Respect these adults. They want what’s best for you and they will offer you the best wisdom that they can conjure up from deep within their own past mistakes and lessons learned. Listening to the experiences and wisdom of someone who cares about you and others can help you avoid much unnecessary pain down the road and give you a heads up on all types of warning signs to look out for. They are not looking to get anything in return. They know empathy and have learned about compassion because there were times when they truly needed it themselves. Don’t disregard the wisdom adults provide you with, they are treasures. Of course, we all need to make our own mistakes and learn our own lessons, that is simply a part of life, but listening to the experiences of kind and genuine people who have “been there and done that” can provide you with valuable insights that could place you on a faster track to a better, happier, and more successful future. Then someday, you’ll have even more wisdom to share with your own kids. They will be lucky.

2. They have healthy relationships with their friends, family, and people at work. They are drama and hostile free. They respect each other. They don’t constantly spend time complaining, fighting, or creating drama around them. They focus on finding solutions rather than harping on problems or creating more of them. More time is spent making happy memories with the people they care about rather than negative ones. They don’t play games to get attention or ask kids to choose sides between parents because, in a child’s eyes, that’s just like asking which foot they like better.

Respect these adults. They learned the art of communication and they know how to maintain healthy relationships. They learned how to navigate through society and they know that drama and fighting won’t solve a darn thing out here in the real grown-up world. They’ve been hurt and they learned what’s necessary to make things better the next go around. They understand how to give and take. They know when to speak and when to listen. These adults are going to be able to clue you in on how to get along with others, the types of people you may want to avoid, and give you some pretty good advice when you have your own relationship issues. Listen to them.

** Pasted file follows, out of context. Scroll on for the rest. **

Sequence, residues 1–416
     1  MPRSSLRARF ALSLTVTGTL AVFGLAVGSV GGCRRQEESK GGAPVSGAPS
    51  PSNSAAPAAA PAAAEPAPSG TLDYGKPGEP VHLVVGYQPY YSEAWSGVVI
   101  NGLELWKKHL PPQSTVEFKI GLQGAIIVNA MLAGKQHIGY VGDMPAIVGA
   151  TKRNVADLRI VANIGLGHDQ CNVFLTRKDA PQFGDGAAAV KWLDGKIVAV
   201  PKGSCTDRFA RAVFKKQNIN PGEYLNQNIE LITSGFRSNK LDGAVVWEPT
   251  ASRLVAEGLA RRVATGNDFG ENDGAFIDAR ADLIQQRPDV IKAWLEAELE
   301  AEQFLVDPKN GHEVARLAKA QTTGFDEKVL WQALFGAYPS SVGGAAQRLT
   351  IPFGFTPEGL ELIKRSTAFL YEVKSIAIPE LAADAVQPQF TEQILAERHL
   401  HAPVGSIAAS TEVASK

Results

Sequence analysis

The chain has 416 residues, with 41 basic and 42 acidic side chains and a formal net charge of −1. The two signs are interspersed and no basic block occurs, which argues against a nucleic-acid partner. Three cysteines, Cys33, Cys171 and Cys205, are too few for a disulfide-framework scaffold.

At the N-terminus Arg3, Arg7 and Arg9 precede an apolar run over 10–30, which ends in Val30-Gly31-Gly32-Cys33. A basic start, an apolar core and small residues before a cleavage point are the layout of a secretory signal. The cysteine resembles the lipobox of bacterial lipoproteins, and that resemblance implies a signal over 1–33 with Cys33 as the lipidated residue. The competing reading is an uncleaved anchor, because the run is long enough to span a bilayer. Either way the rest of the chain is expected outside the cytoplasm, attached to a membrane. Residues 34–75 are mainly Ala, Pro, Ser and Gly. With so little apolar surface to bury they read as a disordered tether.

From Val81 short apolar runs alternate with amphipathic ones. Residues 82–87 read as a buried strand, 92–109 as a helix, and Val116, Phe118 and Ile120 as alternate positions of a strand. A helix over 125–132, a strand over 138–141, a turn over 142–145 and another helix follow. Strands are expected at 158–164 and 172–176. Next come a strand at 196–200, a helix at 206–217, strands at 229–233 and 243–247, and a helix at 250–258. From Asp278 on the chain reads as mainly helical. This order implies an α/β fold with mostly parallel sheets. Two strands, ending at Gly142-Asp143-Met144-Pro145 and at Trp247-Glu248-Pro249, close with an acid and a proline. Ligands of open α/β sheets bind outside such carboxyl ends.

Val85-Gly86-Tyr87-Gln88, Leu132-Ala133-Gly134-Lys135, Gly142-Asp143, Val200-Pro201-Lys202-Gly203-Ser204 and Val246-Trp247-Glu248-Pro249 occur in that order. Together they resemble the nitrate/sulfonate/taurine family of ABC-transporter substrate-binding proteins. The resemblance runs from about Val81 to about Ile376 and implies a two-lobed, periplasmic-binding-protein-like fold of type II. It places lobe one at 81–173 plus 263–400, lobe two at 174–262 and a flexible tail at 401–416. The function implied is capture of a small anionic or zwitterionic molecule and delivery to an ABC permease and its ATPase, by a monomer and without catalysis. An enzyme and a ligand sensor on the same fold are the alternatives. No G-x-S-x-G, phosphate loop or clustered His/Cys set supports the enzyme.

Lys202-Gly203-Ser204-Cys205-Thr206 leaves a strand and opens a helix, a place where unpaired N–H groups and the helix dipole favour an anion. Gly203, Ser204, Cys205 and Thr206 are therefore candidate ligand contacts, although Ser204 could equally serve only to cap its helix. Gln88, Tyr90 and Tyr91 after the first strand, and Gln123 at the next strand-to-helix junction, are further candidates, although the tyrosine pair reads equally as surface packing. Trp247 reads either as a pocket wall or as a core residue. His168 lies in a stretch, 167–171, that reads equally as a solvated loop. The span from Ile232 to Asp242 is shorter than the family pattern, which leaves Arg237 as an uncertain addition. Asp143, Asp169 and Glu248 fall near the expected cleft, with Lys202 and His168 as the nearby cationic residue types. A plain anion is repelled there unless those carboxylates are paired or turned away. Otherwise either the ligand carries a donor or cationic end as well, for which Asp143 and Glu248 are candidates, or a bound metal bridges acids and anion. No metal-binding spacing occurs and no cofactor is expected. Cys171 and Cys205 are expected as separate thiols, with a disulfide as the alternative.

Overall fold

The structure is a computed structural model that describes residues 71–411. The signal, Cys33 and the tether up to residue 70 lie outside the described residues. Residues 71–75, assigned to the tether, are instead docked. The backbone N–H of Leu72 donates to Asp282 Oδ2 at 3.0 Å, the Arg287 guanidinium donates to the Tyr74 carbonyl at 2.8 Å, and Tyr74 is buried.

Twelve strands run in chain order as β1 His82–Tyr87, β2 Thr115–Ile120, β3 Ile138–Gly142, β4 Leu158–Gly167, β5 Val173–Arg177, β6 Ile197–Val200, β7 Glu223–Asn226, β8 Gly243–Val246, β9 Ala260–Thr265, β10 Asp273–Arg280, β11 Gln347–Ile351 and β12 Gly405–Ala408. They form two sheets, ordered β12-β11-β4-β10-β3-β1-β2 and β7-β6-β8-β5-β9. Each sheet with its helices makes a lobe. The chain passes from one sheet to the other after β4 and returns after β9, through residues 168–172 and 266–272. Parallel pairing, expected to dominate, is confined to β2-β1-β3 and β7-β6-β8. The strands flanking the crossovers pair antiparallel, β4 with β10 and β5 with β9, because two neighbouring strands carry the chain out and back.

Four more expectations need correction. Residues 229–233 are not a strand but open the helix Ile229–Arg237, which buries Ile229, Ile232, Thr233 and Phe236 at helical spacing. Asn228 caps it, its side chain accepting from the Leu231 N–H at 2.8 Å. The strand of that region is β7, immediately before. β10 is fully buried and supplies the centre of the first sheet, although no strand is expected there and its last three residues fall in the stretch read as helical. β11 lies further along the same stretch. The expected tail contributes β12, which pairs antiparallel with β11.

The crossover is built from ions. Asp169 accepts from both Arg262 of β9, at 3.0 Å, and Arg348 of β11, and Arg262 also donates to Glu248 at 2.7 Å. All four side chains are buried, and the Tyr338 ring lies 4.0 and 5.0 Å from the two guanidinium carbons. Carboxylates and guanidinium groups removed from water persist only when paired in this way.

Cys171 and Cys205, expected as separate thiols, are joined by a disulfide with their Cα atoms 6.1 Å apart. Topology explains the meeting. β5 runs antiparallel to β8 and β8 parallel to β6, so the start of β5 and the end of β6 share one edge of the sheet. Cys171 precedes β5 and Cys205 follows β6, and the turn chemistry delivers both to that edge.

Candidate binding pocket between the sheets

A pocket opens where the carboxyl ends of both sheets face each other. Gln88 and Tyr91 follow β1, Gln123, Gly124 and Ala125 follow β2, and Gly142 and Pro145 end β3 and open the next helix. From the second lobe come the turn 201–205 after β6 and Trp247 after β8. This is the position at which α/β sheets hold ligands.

3. They tell the truth and they keep their word. They can be trusted and they do what they say they are going to do. If they don’t, there is a very, very good reason and they discuss it with you. They walk their talk. They are consistent with the way they tell you to act and how they act themselves because they actually know themselves.

Respect these adults. They know that relationships based on truth, facts, and honesty are the healthiest and happiest. They know the importance and benefits of doing what they say they are going to do. They learned the relief that trust provides because they have felt the opposite and chose not to do it to others. You can trust that they don’t have anything to hide. They know how to get more of what they want by simply being themselves and looking out for others.

The next time you come across someone you are unsure of, just ask yourself if they have the characteristics above or get the opinion of another elder who you do respect.

If you happen to live with someone who you don’t think deserves your respect, you certainly should not begin “disrespecting” them or fighting. Don’t do that. That will never solve a thing and make situations worse. Have a relaxing talk with them if they will listen, and if they don’t want to communicate, get defensive, or have no desire to better themselves, just know within yourself that you know better. You know what’s right and what’s wrong. Choose right always and just learn all you can from them. Let their example  help you become a better person in the future.

Contrast is one of our greatest teachers.

And if you want to become a grown-up who deserves respect yourself, here’s what you can do…

Be yourself, hang in there during those hard times, look inward, acknowledge your part in any situation, accept what happens to you, learn from it, grow from it, prevail because of it, and become a better person despite it.

You got this.

DONE_MichelleCUstaszeskiAbout the Author: Michelle C. Ustaszeski-Hutchinson is the Founder of The Teen Mentor, LLC, a Personal Development Expert, and the Author and Content Director of The Total Mind Development Program for Teens & Young Adults.  Her mission is to help Teens and Young Adults learn about the important stuff they don’t learn in school and to help facilitate the sharing of wisdom from one generation to the next.